Cleveland Browns quarterback
That is why he will take part in the Galen Foundation and People Beating Cancer’s Talk-the-Talk, Walk-the-Walkathon this Saturday morning from 10 to 12 p.m. ET at University School’s Upper School Track in Hunting Valley, Ohio.
“Until we find a cure for it, it’s going to always be something that’s going to affect us in some way or some fashion,” Wallace said following the Browns’ minicamp practice Thursday afternoon. “You can’t take a day off from it. You can’t take a day off, just always have to be on top of it and try to raise awareness.”
He added, “It’s important to help raise awareness for it because cancer, nowadays, is taking a lot of people and it’s affecting a lot of people. We’ve got a couple of guys on this team who were personally affected by it by maybe losing a parent or a loved one, somebody they knew. It’s always good to help raise awareness for that.”
The third-year Browns quarterback is well aware of what cancer does to a person and a family. He watched his mother Linda battle multiple myeloma, go into remission for eight years and eventually succumb to the disease.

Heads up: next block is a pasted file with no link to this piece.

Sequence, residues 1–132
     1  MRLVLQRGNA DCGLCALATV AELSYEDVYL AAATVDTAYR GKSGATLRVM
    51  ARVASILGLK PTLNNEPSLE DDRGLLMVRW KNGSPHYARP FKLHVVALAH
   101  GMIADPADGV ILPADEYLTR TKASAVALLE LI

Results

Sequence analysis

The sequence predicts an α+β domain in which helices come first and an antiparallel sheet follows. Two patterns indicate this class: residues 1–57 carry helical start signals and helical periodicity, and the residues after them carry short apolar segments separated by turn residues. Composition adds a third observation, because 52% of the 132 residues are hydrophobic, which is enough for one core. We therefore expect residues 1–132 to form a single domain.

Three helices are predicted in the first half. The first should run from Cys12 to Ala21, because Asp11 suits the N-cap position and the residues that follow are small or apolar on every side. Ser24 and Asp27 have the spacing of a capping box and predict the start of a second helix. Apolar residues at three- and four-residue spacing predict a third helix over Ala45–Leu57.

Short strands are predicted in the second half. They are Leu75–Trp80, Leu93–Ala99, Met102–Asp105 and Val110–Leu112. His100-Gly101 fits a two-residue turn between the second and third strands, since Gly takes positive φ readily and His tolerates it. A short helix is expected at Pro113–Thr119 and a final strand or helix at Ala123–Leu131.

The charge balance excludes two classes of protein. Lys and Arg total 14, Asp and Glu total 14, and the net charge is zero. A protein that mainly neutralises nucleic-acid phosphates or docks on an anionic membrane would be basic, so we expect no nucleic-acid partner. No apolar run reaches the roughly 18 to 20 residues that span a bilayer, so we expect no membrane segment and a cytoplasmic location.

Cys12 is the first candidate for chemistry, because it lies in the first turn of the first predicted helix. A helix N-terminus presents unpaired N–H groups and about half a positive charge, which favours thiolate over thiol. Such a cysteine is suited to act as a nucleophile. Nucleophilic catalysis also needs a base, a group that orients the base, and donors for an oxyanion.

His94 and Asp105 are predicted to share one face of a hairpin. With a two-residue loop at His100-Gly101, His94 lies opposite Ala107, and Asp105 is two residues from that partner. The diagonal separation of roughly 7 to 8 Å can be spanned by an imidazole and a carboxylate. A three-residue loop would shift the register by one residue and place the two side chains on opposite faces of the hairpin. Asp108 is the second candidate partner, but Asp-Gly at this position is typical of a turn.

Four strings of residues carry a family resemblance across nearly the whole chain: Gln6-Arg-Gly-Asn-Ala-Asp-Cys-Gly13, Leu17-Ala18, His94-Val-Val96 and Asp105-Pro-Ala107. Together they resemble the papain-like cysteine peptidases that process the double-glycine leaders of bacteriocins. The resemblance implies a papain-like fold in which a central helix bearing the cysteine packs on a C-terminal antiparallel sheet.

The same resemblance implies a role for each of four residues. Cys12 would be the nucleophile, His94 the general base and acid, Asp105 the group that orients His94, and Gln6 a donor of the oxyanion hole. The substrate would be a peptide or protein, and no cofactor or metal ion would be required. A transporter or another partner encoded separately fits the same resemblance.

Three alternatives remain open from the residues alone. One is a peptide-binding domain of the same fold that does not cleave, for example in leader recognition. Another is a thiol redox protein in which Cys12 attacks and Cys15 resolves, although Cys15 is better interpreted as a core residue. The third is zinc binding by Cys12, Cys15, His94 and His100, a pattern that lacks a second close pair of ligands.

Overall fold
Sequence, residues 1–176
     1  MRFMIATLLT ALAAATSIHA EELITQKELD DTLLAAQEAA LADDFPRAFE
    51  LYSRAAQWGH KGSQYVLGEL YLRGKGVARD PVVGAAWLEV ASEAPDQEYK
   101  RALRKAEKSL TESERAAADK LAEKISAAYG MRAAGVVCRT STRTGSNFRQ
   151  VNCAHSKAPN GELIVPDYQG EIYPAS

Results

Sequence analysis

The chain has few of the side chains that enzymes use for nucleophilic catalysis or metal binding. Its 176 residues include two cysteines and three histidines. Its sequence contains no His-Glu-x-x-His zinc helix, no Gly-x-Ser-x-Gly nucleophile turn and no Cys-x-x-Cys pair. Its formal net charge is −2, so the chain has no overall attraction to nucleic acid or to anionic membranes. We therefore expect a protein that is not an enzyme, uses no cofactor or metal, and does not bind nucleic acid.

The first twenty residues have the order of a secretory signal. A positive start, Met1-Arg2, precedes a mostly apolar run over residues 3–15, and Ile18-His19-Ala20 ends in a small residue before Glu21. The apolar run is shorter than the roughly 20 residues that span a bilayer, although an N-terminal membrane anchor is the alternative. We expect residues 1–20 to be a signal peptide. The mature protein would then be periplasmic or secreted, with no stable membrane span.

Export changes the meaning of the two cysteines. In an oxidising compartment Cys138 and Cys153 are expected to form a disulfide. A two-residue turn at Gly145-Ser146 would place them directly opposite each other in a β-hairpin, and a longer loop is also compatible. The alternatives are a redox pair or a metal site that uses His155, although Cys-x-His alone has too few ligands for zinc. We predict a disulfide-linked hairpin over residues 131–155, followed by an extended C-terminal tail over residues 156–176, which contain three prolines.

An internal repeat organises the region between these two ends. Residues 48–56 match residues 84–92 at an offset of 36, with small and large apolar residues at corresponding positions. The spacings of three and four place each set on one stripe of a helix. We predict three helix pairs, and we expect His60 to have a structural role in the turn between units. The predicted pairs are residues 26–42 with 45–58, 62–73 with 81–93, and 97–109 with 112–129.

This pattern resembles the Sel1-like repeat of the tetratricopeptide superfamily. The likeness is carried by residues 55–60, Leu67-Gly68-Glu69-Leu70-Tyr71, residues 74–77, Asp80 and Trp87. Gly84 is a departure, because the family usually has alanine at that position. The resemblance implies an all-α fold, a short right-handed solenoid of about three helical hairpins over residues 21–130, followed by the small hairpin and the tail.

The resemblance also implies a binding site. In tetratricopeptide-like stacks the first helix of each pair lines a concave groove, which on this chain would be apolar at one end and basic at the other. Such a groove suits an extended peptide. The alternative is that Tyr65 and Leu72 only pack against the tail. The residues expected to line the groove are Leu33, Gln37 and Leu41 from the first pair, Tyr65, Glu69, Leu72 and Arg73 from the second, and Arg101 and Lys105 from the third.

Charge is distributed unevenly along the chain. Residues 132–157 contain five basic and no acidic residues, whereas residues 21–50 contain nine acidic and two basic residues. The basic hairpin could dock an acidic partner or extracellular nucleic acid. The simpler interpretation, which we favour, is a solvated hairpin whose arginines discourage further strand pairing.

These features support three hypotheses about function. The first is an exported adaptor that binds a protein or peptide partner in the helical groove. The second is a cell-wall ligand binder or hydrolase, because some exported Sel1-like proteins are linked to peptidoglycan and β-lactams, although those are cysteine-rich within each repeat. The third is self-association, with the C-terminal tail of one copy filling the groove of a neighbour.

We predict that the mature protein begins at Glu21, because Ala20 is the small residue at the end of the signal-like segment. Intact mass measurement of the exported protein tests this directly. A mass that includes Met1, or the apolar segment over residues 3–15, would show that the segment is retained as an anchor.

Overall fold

Linda Wallace was diagnosed with multiple myeloma in 1998 when he was at Oregon State University. Wallace came home and on the drive back to his hometown of Sacramento, Calif., his brother broke the news to him.
“I just thought it was terminal and she was going to pass within a few months,” Wallace recalled. “It was something she battled with for a long time. It was about 10 years that she dealt with it, a lot of medicine, a lot of trips to the hospital, a lot of rough patches, but at the end of the day, she’s in a better place. She doesn’t have to struggle and go through pain anymore. It’s hard, but you always think about her.”
Watching his mother go through that battle inspired Wallace to found Joyce’s Angels, a foundation which bears his mother’s middle name. While she was going through her battle against multiple myeloma, Linda Wallace served as an inspiration to her son. That impression she left with Wallace is still present in his mind today.
“It was important just to see the strength that she had, especially to the last minute, having to see her go through the certain stages of that cancer and how it affected her,” Wallace said. “It’s hard for me, especially when I go through and I see it or I might be out at practice and there might be a rough patch that I’m going through, thinking about some of the things she went through just gives me strength. It gives me strength to help people out and help them understand cancer and how it affects different people.”
For more information on Saturday’s Talk-the-Talk, Walk-the-Walkathon, please visit http://galen.donorpages.com/Walkathon2012/ or Seneca’s donor page at http://galen.donorpages.com/Walkathon2012/SenecaWallace.